The invention relates to a semiconductor device comprising a semiconductor body having a region of a first conductivity type, a semiconductor layer present on said region and adjoining the surface of the body, at least a first buried layer of the second conductivity type present locally between said semiconductor layer and the region of the first conductivity type, and a pattern of an insulating material inset at least partly in the semiconductor layer, a region of the semiconductor layer being separated from the region of the first conductivity type and from the remaining part of the layer by the first buried layer and by a part of the pattern adjoining the first buried layer and substantially entirely surrounding said region, a semiconductor circuit element being provided at least partly in said region of the semiconductor layer.

The invention furthermore relates to a method of manufacturing the device.

The said semiconductor layer may be a single layer but may also be a composite layer consisting for example of two or more epitaxial layers present one on the other, while various parts of the layer may show different conductivity types and/or conductivities, for example by in-diffusing donors of acceptors.

Devices of the type described are known and are used in particular in monolithic integrated circuits. Said structures have various important advantages of which is to be mentioned first of all a considerable space saving so that in integrated circuits a very great packing density of circuit elements can be achieved. This space saving is achieved in particular in that one or more p-n-junctions belonging to a circuit element can be arranged immediately against the inset insulating material and need not, as in conventional integrated circuits, be kept spaced at a certain distance from diffused insulation zones.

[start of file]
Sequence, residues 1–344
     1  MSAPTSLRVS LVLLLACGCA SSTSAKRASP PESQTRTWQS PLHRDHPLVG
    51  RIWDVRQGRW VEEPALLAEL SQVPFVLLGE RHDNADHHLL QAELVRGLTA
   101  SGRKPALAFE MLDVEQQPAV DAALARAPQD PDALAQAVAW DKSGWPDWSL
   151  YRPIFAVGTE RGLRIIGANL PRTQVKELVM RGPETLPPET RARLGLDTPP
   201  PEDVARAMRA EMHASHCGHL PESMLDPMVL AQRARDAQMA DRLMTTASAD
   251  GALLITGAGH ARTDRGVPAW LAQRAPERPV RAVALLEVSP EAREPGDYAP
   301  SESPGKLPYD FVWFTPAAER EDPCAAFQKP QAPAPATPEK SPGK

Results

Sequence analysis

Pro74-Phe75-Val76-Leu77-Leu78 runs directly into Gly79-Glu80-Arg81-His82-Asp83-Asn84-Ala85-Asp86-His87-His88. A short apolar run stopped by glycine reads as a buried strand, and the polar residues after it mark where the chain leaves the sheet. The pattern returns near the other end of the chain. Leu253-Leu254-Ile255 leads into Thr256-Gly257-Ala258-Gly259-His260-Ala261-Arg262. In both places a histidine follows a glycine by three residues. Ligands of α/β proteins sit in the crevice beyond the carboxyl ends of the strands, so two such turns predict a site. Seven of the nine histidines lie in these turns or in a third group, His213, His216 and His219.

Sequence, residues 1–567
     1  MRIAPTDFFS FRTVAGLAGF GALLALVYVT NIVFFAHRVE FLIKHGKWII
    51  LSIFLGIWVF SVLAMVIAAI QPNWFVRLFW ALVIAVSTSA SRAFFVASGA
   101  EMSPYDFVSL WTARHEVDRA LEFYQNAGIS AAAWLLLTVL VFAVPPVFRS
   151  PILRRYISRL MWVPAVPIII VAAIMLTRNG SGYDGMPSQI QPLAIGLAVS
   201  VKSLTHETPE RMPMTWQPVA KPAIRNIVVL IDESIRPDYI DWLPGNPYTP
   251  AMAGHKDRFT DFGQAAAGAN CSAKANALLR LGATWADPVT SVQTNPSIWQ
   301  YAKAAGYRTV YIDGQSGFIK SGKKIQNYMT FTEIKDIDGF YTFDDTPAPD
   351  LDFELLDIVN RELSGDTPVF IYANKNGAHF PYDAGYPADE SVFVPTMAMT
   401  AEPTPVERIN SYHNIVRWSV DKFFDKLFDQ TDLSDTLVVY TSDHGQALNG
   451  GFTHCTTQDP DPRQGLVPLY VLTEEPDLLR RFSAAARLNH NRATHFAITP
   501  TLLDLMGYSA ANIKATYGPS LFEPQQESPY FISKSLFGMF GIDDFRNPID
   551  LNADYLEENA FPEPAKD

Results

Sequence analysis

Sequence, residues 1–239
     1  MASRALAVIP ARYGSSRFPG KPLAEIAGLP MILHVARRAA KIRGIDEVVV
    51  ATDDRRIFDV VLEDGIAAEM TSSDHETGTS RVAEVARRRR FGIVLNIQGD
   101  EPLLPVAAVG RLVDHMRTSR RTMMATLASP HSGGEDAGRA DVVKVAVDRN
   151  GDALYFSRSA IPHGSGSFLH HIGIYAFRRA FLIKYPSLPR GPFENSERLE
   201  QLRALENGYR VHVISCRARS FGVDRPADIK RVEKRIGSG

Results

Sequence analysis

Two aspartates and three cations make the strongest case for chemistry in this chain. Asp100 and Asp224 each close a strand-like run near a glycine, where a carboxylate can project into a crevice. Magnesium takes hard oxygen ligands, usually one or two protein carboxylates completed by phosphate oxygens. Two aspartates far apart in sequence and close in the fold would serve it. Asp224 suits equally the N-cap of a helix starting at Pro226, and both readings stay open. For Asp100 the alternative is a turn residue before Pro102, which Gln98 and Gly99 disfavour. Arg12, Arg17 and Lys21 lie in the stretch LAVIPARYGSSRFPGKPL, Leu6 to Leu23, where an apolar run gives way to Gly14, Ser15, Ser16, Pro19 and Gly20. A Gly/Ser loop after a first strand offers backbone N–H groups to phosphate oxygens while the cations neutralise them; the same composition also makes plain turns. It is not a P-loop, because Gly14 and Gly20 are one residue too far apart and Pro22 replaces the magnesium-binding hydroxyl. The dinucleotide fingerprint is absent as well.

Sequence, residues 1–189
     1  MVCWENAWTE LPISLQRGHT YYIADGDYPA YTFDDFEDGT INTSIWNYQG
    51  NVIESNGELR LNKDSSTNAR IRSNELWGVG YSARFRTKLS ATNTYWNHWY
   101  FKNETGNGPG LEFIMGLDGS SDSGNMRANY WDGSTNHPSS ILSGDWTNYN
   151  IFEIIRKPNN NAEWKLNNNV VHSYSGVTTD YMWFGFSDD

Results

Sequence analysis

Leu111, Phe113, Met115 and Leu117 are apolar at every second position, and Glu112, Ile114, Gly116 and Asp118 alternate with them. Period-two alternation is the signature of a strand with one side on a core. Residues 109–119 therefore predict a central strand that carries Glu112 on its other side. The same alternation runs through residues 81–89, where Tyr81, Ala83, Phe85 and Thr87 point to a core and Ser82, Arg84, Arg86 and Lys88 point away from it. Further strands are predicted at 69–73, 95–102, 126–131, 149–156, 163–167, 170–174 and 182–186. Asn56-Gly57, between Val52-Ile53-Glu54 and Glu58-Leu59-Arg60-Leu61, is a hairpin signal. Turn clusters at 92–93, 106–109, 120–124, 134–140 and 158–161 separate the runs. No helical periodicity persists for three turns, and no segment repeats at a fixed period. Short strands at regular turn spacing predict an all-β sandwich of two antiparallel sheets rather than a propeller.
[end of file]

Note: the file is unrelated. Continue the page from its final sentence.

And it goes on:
A further important advantage of the said structures having an inset pattern of an insulating material is that, also as a result of the methods used for providing said pattern, the masking processes necessary for carrying out the various diffusions can be considerably simplified.

Furthermore, for the manufacture of the described structures having an inset insulating pattern, fewer alignment steps are generally necessary, while the tolerance per alignment step is in most of the cases comparatively large, all this as a result of the fact that the pattern of insulating material can be used entirely or partly as a diffusion mask also.